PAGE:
KOCHI: Kerala has received widespread appreciation for its efficient handling of Covid-19, which confined the number of deaths to four (including a Mahe native who died in Kannur) and led to a high recovery rate. However, Malayalis living abroad have not been as lucky as fellow Keralites here in terms of treatment. As of Tuesday, 93 non-resident Keralites (NRKs) succumbed to Covid-19 in foreign countries, with the most deaths reported from the UAE (40) and the US (33).
Due to high treatment costs and limited medical facilities in some regions, most expatriates are facing a danger in their host countries. There are also complaints that hospitals there are refusing to admit people even after they test positive for Covid-19. “Despite testing Covid-19 positive, we were told to stay at home and take basic medicines. Immediate medical attention is not guaranteed even if the situation aggravates. Things are more serious in high-risk regions,” said Najeeb V, 37, a construction worker in Abu Dhabi. He said many of the deaths could have been avoided had they been in Kerala.
State government officials said bodies of expatriate Malayalis who died of Covid-19 cannot be brought to Kerala. “As per WHO’s protocol, the mortal remains of Covid patients should be buried at the place of death and cannot be brought to their native countries. It is depressing, but we have to adhere to the regulations,” said NORKA-Roots CEO Harikrishnan Namboothiri K told TNIE.
On the unavailability of hospital assistance to patients, Harikrishnan said the authorities are taking such decisions due to various reasons, including the intensity of the infection and the availability of beds. “We are trying to extend help to the Keralites abroad through voluntary organisations,” he said.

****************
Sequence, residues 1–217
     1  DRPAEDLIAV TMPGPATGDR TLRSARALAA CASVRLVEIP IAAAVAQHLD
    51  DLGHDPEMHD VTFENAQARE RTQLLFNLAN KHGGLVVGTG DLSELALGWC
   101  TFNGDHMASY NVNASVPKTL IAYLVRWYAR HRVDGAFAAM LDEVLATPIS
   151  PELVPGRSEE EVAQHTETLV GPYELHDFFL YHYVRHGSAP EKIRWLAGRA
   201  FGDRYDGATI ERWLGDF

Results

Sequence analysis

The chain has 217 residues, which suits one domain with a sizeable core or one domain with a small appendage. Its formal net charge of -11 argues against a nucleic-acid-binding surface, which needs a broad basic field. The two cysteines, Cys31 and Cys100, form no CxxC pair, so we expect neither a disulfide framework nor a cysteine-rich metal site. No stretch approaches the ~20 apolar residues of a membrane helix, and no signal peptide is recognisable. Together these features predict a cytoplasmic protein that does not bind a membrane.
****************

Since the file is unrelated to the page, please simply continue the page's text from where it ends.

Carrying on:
Why govt can’t intervene
Experts said diplomatic issues prevent the Centre from intervening in the matter. “If we start raising questions on the host country’s containment methods or press for better treatment facilities, it will provoke them and only lead to diplomatic tensions. Our move to evacuate Indians during the Kuwait war had severely irritated their officials,” said T P Sreenivasan, former Ambassador of India.
Expats don’t want to leave
Despite the dangers, most expats are not willing to leave the host countries now, Sreenivasan said. “Many are of the view that the situation will soon return to normal. Most non-resident Keralites who have registered to return may also back out when their turn comes. We need to focus on desperate cases considering the severity of the issue,” he said.